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Is that $10 blouse really such a bargain?

Exposing the unattractive side of the rag trade

Created date

July 24th, 2012

Unlike just about everything else in this economy, the cost of clothing has never been lower. Stroll through any mall in America and you ll see signs advertising fashion t-shirts for $5 or blouses for $10. These aren t sale prices, mind you; that s the regular price for garments sold at stores like H&M, Zara, and Forever 21. While the upfront investment of $5 to $10 is a no-brainer, the toll such goods take on virtually every aspect of society is extensive. In the same way that Eric Schlosser s book Fast Food Nation looked at the impact of dollar burgers and fries, Elizabeth Cline exposes the impact of throw-away, cheap fashions in her fascinating and highly readable new book Overdressed: The High Cost of Cheap Fashion. From overworked and underpaid workers in third-world countries, to environmentally toxic by-products of the manufacturing process, to the overwhelming volume of discarded garments, the cost of cheap fashion is higher than most consumers realize.

People are wearing rags

The old adage you get what you pay for has never rung truer than in today s fashion marketplace. Experienced shoppers know that dirt-cheap garments won t last through more than a few launderings, but instead of investing in quality, many consumers, especially young consumers, are happy to toss their barely worn but falling apart fashions into the rag pile, then head back to the store for something new and just as cheap. While many readers of theTribuneare old enough to remember what good tailoring and fine workmanship looked like, many of today s younger generation have never seen a well-made garment. Cline profiles designer Eliza Starbuck, whose Bright Young Things line was picked up by another cheap fashion purveyor, Urban Outfitters, a favorite among college-aged consumers. Starbuck s experience in getting her designs from the drawing pad to the store at a competitive price illustrates just how difficult it is to make anything but junk. There are very few high-quality garments being produced at all, says Starbuck. A very, very, very, small amount. So small, that most people never even see it in their lifetime. People are wearing rags, basically.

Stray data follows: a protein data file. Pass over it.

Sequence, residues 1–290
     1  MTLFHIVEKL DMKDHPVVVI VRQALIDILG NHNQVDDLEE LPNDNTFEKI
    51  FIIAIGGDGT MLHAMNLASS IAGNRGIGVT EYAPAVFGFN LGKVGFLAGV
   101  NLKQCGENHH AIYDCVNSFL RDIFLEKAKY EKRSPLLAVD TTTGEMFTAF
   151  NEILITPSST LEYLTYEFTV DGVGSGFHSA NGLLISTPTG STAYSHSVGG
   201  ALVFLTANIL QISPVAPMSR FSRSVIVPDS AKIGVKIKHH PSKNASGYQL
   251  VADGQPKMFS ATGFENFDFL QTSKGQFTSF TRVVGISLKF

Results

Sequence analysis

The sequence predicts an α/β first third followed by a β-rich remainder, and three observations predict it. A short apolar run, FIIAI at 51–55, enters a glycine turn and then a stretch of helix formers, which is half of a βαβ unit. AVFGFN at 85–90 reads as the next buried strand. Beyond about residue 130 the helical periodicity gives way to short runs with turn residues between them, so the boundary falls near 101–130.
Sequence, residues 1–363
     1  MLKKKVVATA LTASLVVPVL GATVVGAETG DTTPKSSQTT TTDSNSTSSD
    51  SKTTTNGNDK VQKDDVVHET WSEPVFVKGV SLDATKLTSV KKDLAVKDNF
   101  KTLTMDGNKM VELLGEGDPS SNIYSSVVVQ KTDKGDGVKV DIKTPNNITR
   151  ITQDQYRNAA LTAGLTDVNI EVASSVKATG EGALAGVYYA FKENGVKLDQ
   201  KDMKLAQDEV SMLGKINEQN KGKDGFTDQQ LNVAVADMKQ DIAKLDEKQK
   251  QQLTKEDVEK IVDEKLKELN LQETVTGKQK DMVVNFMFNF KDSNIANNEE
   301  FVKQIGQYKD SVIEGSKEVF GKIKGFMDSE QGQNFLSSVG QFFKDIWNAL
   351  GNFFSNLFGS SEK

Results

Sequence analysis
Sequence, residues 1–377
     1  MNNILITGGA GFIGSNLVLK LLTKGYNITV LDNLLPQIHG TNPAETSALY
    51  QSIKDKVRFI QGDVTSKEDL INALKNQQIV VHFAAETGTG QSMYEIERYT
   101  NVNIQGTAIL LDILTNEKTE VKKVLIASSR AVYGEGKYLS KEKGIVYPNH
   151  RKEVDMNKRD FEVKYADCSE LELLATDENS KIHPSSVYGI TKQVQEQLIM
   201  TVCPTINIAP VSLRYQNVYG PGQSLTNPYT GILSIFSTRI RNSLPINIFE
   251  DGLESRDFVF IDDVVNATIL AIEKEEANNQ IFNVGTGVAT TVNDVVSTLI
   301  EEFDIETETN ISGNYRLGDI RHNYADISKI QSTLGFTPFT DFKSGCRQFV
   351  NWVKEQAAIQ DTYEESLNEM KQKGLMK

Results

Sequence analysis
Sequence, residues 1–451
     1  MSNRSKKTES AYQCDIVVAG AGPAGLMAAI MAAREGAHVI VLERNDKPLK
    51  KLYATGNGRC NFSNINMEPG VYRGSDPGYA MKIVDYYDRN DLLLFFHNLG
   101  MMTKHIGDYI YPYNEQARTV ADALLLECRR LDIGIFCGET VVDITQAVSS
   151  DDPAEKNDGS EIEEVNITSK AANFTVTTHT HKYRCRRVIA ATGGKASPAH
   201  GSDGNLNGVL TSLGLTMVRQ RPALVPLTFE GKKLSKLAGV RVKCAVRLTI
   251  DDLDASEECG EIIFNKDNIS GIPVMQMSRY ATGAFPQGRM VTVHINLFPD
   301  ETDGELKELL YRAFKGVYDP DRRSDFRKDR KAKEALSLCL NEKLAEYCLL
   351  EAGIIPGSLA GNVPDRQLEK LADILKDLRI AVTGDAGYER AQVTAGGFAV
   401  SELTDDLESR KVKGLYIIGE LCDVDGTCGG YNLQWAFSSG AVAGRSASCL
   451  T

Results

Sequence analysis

Cheap labor

Today s cheap fashions are made with the thinnest thread and the flimsiest fabric by the poorest workforce from China, Bangladesh, and other third-world nations. Not long ago, most of the clothes Americans wore were made in the U.S. The same held true for the majority of the fabric used to make our clothes. The U.S. now makes 3% of the clothing its consumers purchase, down from about 50% in 1990, says Cline. In 1996, the American textile industry employed 624,000 workers. Today, that number has fallen to 120,000. Cline tours garment factories around the world where many of the fast fashions are made. The wages foreign garment workers make are so ridiculously low that Cline contends that doubling or even tripling workers salaries would barely impact the retail price. Currently, labor amounts to only about 1% of the retail price we pay for a garment. Given the high profit margins, successful ber-brands like Nike or Ralph Lauren could well afford to pay factory workers a living wage without impacting the retail price at all.

The discards

A century ago, most of the clothes Americans wore were handmade. Folks had their Sunday best outfit and their everyday work clothes. Closets weren t walk-in and dresser drawers weren t jammed full of options. If a seam ripped, you mended it. If styles changed, you tailored what you had, raising or lowering hemlines or shortening sleeves. Today, few of us know how to sew, and paying an expert to do alterations would probably cost more than an entirely new garment, which is why charities like the Salvation Army and Goodwill now receive far more clothing than they could possibly sell or distribute. Cline visited a Salvation Army distribution center in New York, which receives five tons of clothing donations a day. Workers pick through that to find 11,200 items of sellable clothing for their thrift stores. The rest is bundled into piles and shipped overseas mostly to sub-saharan Africa. According to the Environmental Protection Agency, Americans throw away 12.7 million tons or 68 pounds of textiles per person a year. Overdressedleaves the reader with valid and troubling questions about the sustainability of cheap fashion. As third-world workers become more Westernized, the notion that they too will develop a voracious fashion appetite and be able to afford their own closets full of cheap clothes becomes possible, even probable. If so, consumers won t need to read about the ill effects of cheap fashion in a book; they ll experience it firsthand.